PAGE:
This is a balanced blend that feels smooth and silky in the mouth, not astringent, and redolent of lush, ripe raspberries, or better yet, wild thimbleberries, which have a more tart and intense flavor.

Underlying the fruit is the slightest suggestion of chocolate and just a ghost of caramel as well. Juergenson is known for looking for intense aromas and bold flavors, and she’s hit just the right note with Crush. In fact, I would say this is an excellent wine for those unfamiliar with reds.

It is approachable, not overbearing, goes well with a variety of foods, and is just delightful on its own. It is fresh, but not a lightweight. It has a richness that I enjoy immensely and have yet to find someone who hasn’t appreciated it as much as I do. And I can reliably find it under $10: it’s a best buy for fall!

Finally, it can be hard, for me at least, to find a white that makes the transition from summer to fall. While some luscious chardonnays enliven winter gatherings, October and November seem abandoned by many winemakers.

Gone are the days of sprightly pino grigio or sweet moscato, but what is there to take their place? The Fumé Blanc Dry Sauvignon Blanc from Barnard Griffin Winery in Richland, Wash., is just perfect for this time of year.

Rob Griffin and his wife, Deborah Barnard, have a fabulous winery complete with elegant tasting room and restaurant, called The Kitchen, which features farm-to-fork dining for lunch and dinner.

The menu is eclectic and provides an array of food choices, and wines by the glass or bottle to match any appetite. Barnard also has a fused glass studio on site, one of a kind for wineries across the country.

Griffin began his winemaking career in 1977, working for Preston Winery and then as winemaker and general manager for Hogue Cellars 1984-91.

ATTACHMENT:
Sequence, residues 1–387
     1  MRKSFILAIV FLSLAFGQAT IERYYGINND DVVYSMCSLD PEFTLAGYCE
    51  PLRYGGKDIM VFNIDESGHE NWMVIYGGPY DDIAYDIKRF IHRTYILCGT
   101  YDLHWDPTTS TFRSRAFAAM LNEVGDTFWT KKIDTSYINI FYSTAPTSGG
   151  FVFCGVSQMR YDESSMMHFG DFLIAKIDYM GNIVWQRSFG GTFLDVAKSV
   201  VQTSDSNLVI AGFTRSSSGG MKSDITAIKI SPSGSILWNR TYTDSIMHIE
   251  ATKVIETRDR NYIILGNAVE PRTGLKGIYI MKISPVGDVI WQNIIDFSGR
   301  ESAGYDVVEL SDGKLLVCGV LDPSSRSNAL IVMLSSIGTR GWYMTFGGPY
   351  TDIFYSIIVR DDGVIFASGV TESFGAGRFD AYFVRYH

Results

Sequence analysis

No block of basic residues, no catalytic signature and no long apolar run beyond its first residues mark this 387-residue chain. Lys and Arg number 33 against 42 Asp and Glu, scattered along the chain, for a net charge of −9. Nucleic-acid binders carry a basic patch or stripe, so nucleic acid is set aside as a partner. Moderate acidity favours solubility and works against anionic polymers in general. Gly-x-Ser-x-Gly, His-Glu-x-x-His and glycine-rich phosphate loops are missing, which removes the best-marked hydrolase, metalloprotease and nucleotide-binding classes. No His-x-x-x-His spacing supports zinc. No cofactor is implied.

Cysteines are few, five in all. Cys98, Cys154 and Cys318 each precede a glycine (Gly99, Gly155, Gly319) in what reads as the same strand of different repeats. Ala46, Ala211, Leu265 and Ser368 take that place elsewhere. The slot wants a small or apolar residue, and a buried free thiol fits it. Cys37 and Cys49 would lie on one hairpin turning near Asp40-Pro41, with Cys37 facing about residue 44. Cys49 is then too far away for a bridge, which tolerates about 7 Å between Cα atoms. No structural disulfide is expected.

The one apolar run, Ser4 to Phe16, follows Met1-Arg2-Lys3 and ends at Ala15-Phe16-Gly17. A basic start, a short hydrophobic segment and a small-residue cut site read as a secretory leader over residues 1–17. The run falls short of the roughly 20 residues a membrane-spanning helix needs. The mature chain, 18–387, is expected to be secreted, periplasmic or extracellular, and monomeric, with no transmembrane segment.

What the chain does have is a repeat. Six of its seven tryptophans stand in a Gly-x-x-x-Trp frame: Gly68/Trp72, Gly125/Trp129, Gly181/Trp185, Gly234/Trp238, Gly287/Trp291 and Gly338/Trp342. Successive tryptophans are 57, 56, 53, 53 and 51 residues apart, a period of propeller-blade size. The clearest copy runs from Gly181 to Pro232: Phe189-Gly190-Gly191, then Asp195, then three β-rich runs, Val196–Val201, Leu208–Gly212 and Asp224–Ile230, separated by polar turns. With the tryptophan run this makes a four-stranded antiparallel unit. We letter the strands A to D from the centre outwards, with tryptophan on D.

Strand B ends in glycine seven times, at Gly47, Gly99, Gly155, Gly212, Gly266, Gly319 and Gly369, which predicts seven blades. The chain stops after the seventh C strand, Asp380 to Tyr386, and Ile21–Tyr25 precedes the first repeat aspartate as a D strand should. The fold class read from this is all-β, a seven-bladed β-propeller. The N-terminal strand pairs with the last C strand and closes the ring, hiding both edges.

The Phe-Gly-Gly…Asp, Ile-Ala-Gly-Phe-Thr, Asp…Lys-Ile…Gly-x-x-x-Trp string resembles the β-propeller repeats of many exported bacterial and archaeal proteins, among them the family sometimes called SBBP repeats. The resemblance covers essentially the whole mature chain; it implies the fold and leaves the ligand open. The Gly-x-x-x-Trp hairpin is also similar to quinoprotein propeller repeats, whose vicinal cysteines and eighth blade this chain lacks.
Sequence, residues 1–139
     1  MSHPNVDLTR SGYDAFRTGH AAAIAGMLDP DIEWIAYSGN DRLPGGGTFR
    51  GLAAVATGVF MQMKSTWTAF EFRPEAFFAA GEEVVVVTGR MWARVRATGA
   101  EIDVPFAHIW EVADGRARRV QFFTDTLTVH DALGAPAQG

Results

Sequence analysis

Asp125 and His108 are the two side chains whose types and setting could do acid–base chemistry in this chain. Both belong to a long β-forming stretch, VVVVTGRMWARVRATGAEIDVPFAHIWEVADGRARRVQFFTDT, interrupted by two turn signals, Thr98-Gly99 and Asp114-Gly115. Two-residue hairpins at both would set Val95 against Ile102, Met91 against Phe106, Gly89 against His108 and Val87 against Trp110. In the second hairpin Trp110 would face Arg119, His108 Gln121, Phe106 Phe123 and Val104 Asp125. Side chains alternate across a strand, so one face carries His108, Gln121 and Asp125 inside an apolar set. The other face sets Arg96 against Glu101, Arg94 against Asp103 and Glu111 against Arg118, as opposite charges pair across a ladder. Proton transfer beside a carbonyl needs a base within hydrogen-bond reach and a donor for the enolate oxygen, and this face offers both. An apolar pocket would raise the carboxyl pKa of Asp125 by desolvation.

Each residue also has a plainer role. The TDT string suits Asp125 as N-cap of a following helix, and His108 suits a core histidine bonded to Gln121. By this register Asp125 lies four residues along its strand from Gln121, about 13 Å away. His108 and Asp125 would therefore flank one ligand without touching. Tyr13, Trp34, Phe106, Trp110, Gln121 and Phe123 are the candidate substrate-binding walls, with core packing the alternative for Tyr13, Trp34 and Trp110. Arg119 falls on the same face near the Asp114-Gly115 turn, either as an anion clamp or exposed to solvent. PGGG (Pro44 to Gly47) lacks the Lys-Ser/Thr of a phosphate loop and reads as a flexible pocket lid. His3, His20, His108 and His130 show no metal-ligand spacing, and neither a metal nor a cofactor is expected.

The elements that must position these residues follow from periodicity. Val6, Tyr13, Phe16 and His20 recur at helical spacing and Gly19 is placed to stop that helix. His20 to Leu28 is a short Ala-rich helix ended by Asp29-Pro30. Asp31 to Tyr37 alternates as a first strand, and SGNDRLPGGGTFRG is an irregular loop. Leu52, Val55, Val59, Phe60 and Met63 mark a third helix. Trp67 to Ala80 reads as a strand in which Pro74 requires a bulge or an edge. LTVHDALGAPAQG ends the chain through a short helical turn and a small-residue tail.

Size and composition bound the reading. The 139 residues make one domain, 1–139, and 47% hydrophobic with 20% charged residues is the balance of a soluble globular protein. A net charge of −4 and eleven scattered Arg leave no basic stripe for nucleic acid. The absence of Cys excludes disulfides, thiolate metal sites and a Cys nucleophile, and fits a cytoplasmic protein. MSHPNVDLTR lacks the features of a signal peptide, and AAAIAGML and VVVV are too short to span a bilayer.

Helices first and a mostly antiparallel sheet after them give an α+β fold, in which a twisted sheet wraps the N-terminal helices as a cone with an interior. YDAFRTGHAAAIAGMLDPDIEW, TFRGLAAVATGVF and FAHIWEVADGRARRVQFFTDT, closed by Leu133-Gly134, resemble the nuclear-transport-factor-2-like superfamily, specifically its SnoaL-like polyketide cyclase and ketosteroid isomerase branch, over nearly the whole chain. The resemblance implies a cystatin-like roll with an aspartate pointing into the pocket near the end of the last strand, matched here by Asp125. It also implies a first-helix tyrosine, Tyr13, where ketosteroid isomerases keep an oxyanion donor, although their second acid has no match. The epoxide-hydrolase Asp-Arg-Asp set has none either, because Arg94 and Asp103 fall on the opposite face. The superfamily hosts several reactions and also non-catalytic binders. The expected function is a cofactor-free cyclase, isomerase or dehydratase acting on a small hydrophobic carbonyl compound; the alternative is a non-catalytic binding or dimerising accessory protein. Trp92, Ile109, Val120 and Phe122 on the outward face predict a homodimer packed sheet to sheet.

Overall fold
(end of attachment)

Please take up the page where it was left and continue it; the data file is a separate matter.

The couple’s own label came out in 1983, and the winery was completed in 1996. The Fumé Blanc was a delightful surprise for me and a close friend: it was the first time for both of us to sample a wine from Barnard Griffin, and it certainly won’t be the last. The aroma from the glass was redolent of melon and pear with a touch of lime with a fresh, lingering finish.

All Columbia Valley grapes are used in the Fumé Blanc with 95.15 being sauvignon blanc and 4.9 sémillon. This wine was from 2015 grapes when eastern Washington experienced an excessively hot summer, but with low nighttime temperatures. This allowed the acids in the fruit to mature and develop complexity. This is a fruit-forward wine that would go well with mild white fish or lighter appetizers.

We tried it with seared halibut and also with creamy Havarti cheese on multigrain crackers, and it complemented both very nicely. But we enjoyed the wine on its own as well, and both of us agreed this is one of the nicest white wines we’ve ever tasted. At under $15 a bottle, you simply can’t go wrong buying this wine…and enjoying it any time of year!